Should You Invest in Stocks or Mutual Funds?

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Investors, in general, have so many ‘this’ or ‘that’ questions that they would have to answer. This is because of the wide range of investment options out there. One among these questions is – Should you invest in stocks or mutual funds?  If you are wondering the same, then this page will help you answer this question. 

Read this blog to understand the basics of stocks and mutual funds.

What are Stocks?

In simple terms, shares are a company’s unit of equity holdings. Shareholders are the persons who own the shares and own a little portion of the company. Shares can be purchased directly via trading applications or brokers.

People nowadays are eager to experiment with numerous investment strategies in order to enhance their earnings. Shares are an excellent investment opportunity. Many people want to start their own businesses but, for various reasons, are unable to do so. Shares allow them to participate in the enterprises of others while representing their interests/views. The Securities and Exchange Board regulates the Indian stock market under the SEBI Act 1992.

What is a Mutual Fund?

Mutual funds are an investment outlet in which Fund Houses manage the investor’s money by pooling the money of like-minded persons with the same investment goal and investing the collected amount in various investment avenues such as equities and bonds. A professional Fund Manager oversees the money of multiple investors in this case. 

The fund manager has extensive market understanding and only invests in diverse assets after doing thorough research. And for this service provided by fund managers with competence in this area, the fund house charges a modest fee, which is a small percentage of a person’s entire investment, known as an expense ratio or management fee, which is often between 1-3%.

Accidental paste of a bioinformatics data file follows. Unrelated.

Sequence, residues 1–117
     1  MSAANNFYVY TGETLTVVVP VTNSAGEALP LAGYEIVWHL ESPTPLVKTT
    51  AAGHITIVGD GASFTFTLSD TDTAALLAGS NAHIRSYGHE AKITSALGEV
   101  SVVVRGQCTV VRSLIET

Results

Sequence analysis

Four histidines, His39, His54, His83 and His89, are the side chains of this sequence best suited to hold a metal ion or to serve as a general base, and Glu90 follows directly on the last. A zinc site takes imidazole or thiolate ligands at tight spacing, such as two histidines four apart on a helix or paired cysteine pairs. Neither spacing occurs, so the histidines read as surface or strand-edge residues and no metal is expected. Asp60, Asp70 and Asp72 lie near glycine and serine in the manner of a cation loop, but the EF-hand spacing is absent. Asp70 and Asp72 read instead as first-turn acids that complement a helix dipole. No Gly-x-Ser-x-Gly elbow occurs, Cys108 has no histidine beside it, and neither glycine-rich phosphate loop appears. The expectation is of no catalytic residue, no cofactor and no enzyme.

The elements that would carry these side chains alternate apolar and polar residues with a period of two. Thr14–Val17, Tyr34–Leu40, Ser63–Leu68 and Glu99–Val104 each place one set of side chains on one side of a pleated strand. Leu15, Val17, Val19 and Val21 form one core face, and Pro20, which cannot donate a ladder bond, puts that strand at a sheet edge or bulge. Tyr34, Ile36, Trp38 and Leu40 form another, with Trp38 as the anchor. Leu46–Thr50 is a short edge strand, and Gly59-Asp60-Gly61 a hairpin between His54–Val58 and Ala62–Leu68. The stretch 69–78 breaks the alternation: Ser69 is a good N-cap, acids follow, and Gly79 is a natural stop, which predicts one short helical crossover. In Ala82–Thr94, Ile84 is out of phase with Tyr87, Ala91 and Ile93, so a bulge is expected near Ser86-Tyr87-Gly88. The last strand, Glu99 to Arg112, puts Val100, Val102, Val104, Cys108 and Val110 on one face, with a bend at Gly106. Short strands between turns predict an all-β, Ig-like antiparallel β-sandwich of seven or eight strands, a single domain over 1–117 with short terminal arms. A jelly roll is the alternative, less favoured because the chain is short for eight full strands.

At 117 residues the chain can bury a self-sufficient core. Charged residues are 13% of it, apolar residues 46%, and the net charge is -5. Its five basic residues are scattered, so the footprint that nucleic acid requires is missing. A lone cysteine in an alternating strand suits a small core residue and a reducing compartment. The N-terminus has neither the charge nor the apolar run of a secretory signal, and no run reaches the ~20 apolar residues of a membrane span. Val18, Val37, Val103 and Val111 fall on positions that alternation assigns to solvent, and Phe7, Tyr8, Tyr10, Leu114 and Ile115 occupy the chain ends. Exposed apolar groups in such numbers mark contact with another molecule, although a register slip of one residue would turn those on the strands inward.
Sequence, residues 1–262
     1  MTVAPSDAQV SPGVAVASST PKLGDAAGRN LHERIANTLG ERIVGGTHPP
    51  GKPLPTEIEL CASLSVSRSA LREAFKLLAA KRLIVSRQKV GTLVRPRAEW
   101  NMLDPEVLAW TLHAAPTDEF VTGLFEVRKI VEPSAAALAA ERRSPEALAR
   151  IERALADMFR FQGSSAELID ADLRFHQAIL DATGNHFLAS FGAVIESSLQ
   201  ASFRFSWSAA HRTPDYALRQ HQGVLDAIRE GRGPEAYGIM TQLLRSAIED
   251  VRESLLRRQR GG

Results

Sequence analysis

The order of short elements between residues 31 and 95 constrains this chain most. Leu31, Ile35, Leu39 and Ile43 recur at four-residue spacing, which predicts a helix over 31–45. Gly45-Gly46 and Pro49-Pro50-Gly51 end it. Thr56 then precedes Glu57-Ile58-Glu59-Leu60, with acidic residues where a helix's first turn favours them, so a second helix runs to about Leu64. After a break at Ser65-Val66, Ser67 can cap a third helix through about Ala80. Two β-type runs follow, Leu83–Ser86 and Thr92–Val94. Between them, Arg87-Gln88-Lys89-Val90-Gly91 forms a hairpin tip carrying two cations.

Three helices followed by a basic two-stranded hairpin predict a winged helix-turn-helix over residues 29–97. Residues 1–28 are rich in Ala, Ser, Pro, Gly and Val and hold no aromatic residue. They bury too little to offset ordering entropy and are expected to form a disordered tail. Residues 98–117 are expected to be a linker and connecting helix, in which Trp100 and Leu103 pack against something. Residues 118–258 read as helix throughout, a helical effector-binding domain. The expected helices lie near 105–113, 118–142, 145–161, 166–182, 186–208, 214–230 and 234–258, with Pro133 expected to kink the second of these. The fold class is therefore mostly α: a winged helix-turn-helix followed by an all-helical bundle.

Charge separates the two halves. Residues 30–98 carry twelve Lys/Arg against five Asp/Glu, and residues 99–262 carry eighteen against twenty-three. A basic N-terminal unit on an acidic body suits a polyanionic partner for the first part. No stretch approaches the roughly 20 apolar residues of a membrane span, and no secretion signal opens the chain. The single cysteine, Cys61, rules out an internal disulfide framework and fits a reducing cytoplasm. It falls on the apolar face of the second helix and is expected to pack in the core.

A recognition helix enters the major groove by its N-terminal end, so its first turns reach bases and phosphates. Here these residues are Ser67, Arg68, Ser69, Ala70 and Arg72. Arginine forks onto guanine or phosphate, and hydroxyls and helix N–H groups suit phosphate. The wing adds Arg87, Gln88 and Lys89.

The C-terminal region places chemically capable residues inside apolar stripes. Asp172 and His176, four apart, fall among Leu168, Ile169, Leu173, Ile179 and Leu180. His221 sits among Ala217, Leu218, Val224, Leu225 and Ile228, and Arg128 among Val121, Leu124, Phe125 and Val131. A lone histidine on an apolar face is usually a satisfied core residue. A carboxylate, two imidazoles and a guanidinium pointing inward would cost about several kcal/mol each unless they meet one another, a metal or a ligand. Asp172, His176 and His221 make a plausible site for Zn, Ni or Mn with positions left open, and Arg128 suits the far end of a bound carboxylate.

Now, let’s look at stocks vs. mutual funds and what you should be investing in. 

Choosing Between Stocks or Mutual Funds

a) Costs: Due to economies of scale, mutual funds incur reduced transaction costs when purchasing shares and, as a result, pay cheaper brokerages than individual investors. You can also avoid paying annual maintenance fees on Demat accounts if you are investing in mutual funds.

b) Diversification: A well-diversified portfolio should include at least 15 to 20 stocks, which can be a significant investment for an individual investor. Mutual funds allow investors with as little as INR 1000 to gain access to a diverse portfolio. Purchasing fund units allows you to invest in several stocks without having to pay a large sum of money.

c) Returns and Risks: Individual stock purchases are a high-risk/high-reward proposition. There is also the possibility of receiving negative returns. Even though equity mutual fund schemes are riskier due to the asset class in which they invest, they have a well-diversified portfolio. Any negative returns on a particular stock can be offset by positive returns on another stock. Thus, by investing in mutual funds, you prevent negative return scenarios.